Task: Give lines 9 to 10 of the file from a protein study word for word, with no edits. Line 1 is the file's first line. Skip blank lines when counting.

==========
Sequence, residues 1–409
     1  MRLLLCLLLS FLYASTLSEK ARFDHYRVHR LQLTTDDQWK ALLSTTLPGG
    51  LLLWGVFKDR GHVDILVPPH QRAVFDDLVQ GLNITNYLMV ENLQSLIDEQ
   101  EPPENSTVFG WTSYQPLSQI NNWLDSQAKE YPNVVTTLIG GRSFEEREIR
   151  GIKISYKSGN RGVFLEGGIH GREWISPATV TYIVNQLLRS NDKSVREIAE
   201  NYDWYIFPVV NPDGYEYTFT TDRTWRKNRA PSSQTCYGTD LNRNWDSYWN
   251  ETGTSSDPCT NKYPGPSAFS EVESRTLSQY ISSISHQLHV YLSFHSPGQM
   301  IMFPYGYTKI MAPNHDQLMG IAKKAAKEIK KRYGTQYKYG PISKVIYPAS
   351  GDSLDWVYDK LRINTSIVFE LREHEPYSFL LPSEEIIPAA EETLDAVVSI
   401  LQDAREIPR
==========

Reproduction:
   351  GDSLDWVYDK LRINTSIVFE LREHEPYSFL LPSEEIIPAA EETLDAVVSI
   401  LQDAREIPR